18.7.08

into a state of change...

I’m thinking about the effects of poetry and prose.

For me, prose – in terms of fiction or even non-fiction, for that matter – is about words connecting moments to moments in creating a sense of story. The happenings of the story, if the writing is effective, are detailed and real. When I’m reading a work of fiction, for example, I become a spirit-character in the setting. I move in the landscape, but I’m separate from it – another plane, another dimension. I see, hear, feel. The setting may be in my head, but it’s not in me. When I read drama – no matter the form, type, or style – I view the landscape and the events, but I’m not in them. The characters in a dramatic work, no doubt because of voice and speech – both on the stage and page – are close at hand, but I’m outside looking in. The pleasure is there, all the same.

On the other hand, poetry – in any of its many incarnations – is more about moving me into the moments of the words or, more probably, moving the moments into me. I’m not separate. I’m inside the words / the words are inside me. Poetry forces me into some mode of action, and that action may translate itself into thought, motion, dream, music, writing, speech, faith… That’s not to say – since I’m no fool – that prose would not or could not move another person to action.

One can talk about an idea or even write about the idea. And, if the telling or the writing is strong, I can be moved. But show me that idea in a poem, and I go beyond being moved – into a state of change.

Certainly, poems may possess prose-like characteristics. “A Story about the Body” by Robert Hass and “The Colonel” by Carolyn Forché are both prose poems and do exhibit a narrative in story-like detail, but these works are overwhelmingly poetic, based on the writers’ use of imagery, language, literary devices – just to name three. Many prose passages or entire novels may display a strong poetic atmosphere, yet maintain their fictional structure. Works such as Written on the Body by Jeanette Winterson and “Cathedral” by Raymond Carver come to mind.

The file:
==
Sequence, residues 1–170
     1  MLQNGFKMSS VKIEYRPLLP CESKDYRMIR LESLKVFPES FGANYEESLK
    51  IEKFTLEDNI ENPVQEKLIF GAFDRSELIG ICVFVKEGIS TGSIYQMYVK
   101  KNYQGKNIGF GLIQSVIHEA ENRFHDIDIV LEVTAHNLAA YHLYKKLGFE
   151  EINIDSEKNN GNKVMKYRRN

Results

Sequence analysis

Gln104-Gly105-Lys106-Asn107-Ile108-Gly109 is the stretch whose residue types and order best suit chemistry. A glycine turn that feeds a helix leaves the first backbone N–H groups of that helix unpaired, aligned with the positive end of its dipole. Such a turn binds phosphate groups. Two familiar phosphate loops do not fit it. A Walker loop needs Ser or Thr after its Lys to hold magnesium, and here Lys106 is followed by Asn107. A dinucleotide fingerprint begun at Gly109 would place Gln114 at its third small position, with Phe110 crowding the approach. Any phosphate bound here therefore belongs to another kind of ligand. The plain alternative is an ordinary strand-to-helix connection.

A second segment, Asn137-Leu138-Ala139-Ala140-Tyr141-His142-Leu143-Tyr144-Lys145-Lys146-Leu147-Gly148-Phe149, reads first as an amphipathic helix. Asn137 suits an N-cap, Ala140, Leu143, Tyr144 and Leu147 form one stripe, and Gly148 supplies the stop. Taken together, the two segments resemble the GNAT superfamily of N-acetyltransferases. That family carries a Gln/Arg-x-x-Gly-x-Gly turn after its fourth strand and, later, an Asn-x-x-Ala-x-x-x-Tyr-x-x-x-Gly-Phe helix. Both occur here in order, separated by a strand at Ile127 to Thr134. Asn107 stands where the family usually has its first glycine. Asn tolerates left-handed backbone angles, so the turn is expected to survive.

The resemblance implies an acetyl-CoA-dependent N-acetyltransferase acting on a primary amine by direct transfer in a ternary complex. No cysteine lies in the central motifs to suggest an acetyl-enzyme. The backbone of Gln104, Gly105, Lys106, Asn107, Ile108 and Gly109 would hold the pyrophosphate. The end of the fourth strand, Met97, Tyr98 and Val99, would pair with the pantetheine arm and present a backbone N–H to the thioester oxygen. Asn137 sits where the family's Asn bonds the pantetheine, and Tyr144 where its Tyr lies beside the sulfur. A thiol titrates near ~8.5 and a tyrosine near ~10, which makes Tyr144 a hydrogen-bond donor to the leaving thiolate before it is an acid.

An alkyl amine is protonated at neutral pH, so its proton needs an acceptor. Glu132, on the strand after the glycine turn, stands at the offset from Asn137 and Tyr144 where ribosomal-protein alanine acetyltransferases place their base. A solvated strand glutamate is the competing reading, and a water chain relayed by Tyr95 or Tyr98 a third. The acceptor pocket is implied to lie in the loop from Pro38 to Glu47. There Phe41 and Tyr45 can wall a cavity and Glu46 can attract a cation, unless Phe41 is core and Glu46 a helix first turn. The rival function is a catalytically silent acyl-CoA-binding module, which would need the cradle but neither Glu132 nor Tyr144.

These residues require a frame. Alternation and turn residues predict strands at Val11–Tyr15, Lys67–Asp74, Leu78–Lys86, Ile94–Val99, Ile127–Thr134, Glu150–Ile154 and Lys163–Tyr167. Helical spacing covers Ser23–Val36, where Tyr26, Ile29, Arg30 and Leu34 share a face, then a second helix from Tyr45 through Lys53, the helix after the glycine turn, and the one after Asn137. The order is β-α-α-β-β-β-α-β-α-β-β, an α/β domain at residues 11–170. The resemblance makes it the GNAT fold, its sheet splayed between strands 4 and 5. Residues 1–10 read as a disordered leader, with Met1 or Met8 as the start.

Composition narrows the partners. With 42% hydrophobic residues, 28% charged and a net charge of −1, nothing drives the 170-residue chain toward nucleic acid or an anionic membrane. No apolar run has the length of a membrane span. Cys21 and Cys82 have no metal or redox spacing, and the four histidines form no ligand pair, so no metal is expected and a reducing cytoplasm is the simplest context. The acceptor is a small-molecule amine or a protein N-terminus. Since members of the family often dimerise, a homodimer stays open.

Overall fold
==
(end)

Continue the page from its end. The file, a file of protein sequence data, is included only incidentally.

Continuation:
It appears to me that a difference is that with prose, I penetrate the words … with poetry, the words penetrate me. What I’m not certain of is … Does that have more to do with me than with poetry or prose? I’m of the mind that many – probably most … if units sold mean anything – feel or experience quite the opposite.

11 comments:

Lisa Allender said...

Sam, I really enjoy reading how you feel in terms of poetry and prose's effects on you. I would say this:
I only feel "outside" a story when I SEE it(as in a film). But with a play, (perhaps because of my background as an actress), I tend to experience it "as IF"(see Sanislavski here)I were the character(s)...
When I READ something, it's already "inside". Having said that, poetry is the form which moves me, INSTANTLY. "Compressed Emotion"--isn't that what, um, Auden called it?
In a great work of fiction(I'm talking literature, not what I term mere "diversionary fiction"(genre' stuff)), I will immediately tend to "connect" and "become" a character (this can extend to more than one character at times, or even--in the case of really really incredibly great writing--to becoming the surroundings in the novel itself! For instance, I found myself "feeling" what the landscape surrounding the characters felt in "The Road", so evocative and weirdly, darkly erotic were the descriptions of that post-Apocalyptic landscape.
That Cormac McCarthy novel still haunts me. Much like a great poem will, always.
We should do much more discussion of HOW literature--both prose and poetry, affects us.
I also think the creative PROCESS is entirely different--while I believe BOTH are the result of dreams/sub/unconscious desires/fears, poetry is something I never "formulate". Obviously, there's lots of editing(later), but poems seem to birth easily-- fully whole-- whereas stories seem to need--to continue the birthing analogy--a bit of "inducement of labor".

sam of the ten thousand things said...